Peloton Shares Dip After Recalling Two Million Exercise Bikes

Peloton Shares Dip After Recalling Two Million Exercise Bikes

Peloton, a maker of home exercise equipment, said on Thursday it was recalling more than two million exercise bikes, an announcement that sent its shares tumbling.

The company’s shares were down nearly 9 percent at the close of the market and are down more than 20 percent this month.

The company has received 35 reports of seatposts breaking and coming loose from its original model bike during use, according to a Consumer Product Safety Commission recall notice.

Peloton is voluntarily recalling PL-01 model bikes that were sold from January 2018 to May 2023 in the United States and is offering customers replacements for the bike’s seatposts that can be installed at home, the company said in a statement. on its website on Thursday. morning.

“It was important to Peloton to proactively engage the CPSC to resolve this issue,” the company wrote. “We worked cooperatively with them to identify the drug approved today.”

The decision to recall the bikes is a about-face for Peloton, which in the past has resisted recalling its equipment. In 2021, the company recalled its Tread+ and Tread treadmills after initially resisting a safety commission warning that the death of a child and dozens of injuries were related to the equipment. John Foley, the chief executive at the time, said the company made a mistake in challenging the recall request for the treadmills.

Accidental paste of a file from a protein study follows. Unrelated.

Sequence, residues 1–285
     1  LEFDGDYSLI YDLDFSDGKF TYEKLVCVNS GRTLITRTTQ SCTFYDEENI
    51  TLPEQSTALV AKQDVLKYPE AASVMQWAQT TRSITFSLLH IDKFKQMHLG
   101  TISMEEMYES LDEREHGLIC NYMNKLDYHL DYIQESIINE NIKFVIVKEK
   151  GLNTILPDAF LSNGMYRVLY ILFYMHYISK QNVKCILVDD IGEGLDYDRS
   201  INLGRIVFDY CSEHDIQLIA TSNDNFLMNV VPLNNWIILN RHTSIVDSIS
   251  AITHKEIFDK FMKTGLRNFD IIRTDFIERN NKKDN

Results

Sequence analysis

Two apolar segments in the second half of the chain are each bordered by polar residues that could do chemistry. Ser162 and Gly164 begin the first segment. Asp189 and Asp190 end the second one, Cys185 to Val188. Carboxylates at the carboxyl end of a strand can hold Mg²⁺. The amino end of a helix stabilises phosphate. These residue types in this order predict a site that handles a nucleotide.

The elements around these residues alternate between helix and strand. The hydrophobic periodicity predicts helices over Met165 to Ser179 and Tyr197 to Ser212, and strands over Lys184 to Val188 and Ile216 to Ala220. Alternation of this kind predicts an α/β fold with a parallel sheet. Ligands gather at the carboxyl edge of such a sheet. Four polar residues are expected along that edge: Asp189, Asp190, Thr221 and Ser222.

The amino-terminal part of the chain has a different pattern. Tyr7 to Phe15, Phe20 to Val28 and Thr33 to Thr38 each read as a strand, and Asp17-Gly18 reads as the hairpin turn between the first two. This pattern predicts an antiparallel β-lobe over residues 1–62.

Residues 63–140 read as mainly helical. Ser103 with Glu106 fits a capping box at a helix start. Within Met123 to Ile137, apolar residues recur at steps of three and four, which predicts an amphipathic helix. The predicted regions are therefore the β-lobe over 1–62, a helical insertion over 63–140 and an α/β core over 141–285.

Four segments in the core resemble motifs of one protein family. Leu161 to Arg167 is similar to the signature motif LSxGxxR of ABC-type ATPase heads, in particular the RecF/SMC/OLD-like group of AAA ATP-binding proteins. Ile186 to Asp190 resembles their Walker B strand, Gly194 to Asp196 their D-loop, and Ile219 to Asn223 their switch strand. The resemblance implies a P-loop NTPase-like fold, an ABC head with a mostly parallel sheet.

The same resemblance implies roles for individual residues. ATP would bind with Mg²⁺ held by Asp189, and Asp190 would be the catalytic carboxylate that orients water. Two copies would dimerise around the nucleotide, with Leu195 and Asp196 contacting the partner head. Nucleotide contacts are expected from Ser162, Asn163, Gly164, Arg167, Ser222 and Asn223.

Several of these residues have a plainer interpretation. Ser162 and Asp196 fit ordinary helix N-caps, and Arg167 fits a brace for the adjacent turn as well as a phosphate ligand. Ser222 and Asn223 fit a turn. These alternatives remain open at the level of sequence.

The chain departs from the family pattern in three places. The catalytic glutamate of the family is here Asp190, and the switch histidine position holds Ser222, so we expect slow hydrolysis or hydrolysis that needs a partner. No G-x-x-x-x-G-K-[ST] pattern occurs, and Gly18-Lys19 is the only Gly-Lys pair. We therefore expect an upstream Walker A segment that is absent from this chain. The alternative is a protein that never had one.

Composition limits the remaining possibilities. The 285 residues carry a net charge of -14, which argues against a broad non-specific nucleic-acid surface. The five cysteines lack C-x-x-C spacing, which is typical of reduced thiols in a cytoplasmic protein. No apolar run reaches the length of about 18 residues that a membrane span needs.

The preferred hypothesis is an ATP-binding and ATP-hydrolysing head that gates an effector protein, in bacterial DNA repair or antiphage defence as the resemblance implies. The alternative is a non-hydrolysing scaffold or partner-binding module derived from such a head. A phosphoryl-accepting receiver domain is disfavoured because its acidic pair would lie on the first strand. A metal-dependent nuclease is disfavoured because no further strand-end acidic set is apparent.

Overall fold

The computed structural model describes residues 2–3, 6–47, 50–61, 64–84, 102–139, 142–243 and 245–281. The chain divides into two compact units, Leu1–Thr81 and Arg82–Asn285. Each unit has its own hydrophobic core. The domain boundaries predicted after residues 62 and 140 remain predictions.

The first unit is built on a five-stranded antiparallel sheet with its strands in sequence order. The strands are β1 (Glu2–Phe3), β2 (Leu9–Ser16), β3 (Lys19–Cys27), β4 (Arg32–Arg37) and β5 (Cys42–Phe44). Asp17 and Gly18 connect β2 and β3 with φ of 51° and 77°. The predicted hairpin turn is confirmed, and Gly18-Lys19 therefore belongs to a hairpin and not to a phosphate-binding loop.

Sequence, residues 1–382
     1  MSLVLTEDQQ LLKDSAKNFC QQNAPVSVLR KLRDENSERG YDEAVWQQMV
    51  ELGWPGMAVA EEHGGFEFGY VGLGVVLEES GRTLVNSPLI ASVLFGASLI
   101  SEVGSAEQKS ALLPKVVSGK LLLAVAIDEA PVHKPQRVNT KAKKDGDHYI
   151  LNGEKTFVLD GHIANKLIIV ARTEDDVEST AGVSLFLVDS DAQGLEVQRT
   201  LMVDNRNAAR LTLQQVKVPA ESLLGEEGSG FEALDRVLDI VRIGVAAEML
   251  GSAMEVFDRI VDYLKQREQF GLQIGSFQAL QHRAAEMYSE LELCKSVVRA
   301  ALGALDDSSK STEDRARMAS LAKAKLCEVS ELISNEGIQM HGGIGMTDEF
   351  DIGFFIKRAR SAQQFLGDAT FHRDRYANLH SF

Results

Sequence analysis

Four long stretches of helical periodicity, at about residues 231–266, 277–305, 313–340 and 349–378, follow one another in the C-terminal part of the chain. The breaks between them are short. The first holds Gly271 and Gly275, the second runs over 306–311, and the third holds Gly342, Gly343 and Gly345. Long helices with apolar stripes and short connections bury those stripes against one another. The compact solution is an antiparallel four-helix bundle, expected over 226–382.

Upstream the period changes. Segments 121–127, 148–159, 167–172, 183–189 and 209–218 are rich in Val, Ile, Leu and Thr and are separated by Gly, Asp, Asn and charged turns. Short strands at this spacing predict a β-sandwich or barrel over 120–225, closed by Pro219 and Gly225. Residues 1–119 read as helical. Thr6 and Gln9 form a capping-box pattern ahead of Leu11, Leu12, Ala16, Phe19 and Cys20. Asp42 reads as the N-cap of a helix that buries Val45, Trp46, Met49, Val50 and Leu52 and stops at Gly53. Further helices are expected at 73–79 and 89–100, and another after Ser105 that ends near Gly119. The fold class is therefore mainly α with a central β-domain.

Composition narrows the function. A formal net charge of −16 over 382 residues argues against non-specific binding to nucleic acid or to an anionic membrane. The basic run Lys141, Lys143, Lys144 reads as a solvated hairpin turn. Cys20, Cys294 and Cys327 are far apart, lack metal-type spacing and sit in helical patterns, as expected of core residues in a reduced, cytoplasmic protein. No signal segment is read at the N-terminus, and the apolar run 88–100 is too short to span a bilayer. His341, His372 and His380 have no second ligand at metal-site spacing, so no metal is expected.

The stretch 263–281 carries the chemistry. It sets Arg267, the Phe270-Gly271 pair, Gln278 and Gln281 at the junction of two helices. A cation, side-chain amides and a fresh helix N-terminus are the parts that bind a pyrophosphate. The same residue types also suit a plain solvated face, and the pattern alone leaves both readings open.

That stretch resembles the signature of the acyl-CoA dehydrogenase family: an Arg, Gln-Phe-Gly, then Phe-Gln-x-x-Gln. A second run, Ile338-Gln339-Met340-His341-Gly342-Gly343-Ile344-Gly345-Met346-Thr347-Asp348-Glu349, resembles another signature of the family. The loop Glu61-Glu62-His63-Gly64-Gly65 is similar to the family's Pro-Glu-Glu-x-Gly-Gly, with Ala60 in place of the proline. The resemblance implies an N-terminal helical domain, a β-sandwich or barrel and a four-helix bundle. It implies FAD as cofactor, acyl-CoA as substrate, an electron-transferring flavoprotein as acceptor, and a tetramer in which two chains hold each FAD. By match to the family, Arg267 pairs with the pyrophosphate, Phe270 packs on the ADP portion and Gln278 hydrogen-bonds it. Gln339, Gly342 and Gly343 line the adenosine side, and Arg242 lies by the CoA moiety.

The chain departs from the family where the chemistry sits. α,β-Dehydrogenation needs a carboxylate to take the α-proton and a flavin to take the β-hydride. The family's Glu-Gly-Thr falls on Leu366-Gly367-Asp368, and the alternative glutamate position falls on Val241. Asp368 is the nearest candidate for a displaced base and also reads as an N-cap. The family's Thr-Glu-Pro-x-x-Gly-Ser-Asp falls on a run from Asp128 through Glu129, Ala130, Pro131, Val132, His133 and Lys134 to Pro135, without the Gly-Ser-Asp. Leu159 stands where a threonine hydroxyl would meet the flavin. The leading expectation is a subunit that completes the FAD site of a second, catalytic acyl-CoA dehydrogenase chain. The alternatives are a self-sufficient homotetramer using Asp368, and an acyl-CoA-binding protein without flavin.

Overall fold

In 2020, Peloton recalled pedals on nearly 27,000 bikes after receiving more than 100 reports of breakage and 16 reports of injuries.

Peloton has faced a number of other challenges in recent years. After emerging as a pandemic winner in 2020, when people bought her home exercise equipment in droves, she has grappled with difficult revenues, negative representations on television and cooling consumer demand.

Its current chief executive, Barry McCarthy, has been trying to turn around since taking over, last year, Foley, one of the company’s founders. McCarthy cut jobs, emphasized a subscription strategy, and started an equipment resale program.

In his most recent letter to shareholders, sent earlier this month, McCarthy said the company had settled an International Trade Commission dispute with Dish Network for $75 million, and that its subscriptions were up 5% in the last quarter.

In that letter, he struck a cautiously optimistic note, saying the most recent quarter was the best since he took over as chief executive. “There will be challenges and opportunities ahead,” he wrote, “but if we continue to perform in the next 12 months as we have in the last 12, we will have accomplished something truly special.”


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